Yes, absolutely. Being a cinephile , I really like the idea that the idea for this celebration of movies was born on a rooftop in Spanish Harlem and grew into a venture that now connects people with good films and food, which I think is great. Good stories connect us all and I want to know what you think makes a film a classic across the board?
You know, this is interesting. Let me take a little diversion for a moment. What you just said makes a ton of sense. The power of storytelling. When you think about one of the reasons why we started this or why it made so much sense for it to outgrow the rooftop in Spanish Harlem was that we realized that there was community that was being created around these films and around this experience. It was an incredibly durable, enthusiastic community. We started thinking about that and this might be a little bit too philosophical but if you think about the best times that you spend with your friends or your family, I mean what are you doing? You are sitting around the table, you're eating dinner, you're having drinks and you're telling stories to and with each other. So to create a moment where you are taking a story that people know and have some sort of emotional attachment to, be it good or bad, and then you present that in a context that allows them to immerse themselves in it, enjoy it, analyze it, think about it, talk to each other about it. All of a sudden you are creating an experience that bonds people and community around it. That's really what we've seen with BBQ Films, is the development of that community. It almost becomes like a cinema social club, if you will.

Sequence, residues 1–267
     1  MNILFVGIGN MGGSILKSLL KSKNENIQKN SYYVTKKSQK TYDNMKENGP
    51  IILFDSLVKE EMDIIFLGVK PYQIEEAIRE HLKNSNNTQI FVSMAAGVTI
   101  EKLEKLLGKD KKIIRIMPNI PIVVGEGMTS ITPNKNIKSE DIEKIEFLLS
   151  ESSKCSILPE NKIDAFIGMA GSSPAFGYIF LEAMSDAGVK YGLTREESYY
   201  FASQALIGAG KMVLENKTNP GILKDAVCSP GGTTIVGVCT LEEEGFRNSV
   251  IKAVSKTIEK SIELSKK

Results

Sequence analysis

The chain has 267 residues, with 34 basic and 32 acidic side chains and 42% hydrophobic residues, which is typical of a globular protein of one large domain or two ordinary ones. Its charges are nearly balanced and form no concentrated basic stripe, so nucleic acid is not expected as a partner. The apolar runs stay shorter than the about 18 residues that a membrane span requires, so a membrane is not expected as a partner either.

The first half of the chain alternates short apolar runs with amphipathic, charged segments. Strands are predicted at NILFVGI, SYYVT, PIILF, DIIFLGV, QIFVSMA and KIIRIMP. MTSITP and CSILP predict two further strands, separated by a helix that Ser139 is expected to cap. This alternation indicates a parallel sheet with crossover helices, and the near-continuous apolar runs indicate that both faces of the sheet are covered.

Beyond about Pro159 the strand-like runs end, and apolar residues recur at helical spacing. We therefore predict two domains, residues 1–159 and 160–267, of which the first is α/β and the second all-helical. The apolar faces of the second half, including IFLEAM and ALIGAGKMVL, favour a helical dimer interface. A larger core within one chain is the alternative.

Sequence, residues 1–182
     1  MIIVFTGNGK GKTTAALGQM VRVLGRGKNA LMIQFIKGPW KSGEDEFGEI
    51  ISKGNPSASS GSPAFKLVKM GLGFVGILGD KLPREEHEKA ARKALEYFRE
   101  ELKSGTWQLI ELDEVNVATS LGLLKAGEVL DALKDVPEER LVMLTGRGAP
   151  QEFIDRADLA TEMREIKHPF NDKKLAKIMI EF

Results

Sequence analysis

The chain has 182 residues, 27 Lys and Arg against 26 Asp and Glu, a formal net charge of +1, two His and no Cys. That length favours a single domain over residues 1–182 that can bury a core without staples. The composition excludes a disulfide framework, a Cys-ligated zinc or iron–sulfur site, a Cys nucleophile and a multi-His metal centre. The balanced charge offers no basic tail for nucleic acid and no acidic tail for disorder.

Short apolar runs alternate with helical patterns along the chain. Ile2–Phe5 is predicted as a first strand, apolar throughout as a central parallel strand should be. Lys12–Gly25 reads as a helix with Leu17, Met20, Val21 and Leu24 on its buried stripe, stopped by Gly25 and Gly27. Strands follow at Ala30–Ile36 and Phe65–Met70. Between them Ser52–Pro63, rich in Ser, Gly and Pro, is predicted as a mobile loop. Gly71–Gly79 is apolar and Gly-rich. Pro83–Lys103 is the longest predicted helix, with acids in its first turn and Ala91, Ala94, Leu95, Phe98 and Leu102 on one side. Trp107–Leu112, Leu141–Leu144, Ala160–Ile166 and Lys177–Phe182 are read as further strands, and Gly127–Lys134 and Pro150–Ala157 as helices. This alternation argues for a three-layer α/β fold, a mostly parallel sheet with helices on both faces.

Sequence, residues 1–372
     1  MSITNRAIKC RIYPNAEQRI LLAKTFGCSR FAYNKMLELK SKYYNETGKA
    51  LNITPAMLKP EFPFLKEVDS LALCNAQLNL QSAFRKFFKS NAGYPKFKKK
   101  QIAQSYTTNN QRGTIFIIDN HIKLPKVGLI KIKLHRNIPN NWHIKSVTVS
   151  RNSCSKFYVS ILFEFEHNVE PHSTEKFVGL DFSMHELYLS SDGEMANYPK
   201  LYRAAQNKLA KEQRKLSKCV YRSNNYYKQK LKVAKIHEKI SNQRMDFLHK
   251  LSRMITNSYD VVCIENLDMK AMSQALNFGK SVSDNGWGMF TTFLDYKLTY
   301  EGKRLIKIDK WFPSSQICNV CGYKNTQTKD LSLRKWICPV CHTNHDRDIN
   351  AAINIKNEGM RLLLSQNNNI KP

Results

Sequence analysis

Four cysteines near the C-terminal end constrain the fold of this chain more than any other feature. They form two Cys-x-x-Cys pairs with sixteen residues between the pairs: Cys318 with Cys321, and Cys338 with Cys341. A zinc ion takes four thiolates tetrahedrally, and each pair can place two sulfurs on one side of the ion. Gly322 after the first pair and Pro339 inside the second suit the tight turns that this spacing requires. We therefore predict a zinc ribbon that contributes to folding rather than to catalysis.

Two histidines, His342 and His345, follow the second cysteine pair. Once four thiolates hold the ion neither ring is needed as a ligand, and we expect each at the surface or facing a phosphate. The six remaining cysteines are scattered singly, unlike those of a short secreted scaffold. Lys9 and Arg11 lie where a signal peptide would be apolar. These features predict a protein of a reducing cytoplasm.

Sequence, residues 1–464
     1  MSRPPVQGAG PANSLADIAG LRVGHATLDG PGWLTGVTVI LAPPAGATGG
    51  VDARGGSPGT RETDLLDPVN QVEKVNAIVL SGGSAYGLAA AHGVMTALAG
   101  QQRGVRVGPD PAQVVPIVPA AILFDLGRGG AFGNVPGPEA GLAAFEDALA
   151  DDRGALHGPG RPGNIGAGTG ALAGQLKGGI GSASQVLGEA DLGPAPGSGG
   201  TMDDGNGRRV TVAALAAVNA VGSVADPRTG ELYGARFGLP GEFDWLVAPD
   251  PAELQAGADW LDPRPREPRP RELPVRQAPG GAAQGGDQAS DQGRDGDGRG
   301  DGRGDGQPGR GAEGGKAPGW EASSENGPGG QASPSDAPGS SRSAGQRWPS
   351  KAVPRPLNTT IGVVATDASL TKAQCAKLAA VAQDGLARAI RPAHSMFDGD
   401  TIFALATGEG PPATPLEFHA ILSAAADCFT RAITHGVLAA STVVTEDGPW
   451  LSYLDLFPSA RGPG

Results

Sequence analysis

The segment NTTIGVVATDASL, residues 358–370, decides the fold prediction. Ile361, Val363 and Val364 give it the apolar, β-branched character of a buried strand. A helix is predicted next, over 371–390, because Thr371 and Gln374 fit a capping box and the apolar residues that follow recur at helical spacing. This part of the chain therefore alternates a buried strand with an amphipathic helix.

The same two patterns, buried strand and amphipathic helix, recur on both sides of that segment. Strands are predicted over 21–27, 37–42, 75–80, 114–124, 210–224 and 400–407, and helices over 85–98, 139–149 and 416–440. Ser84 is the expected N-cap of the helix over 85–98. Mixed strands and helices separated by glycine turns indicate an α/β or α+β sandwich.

Back to your original question of how movies become classics, I think they become classics with exceptional storytelling, great images, and the ability for enough folks to have an emotional connection that a community gets built around it. That's what we are really tapping into in the film world.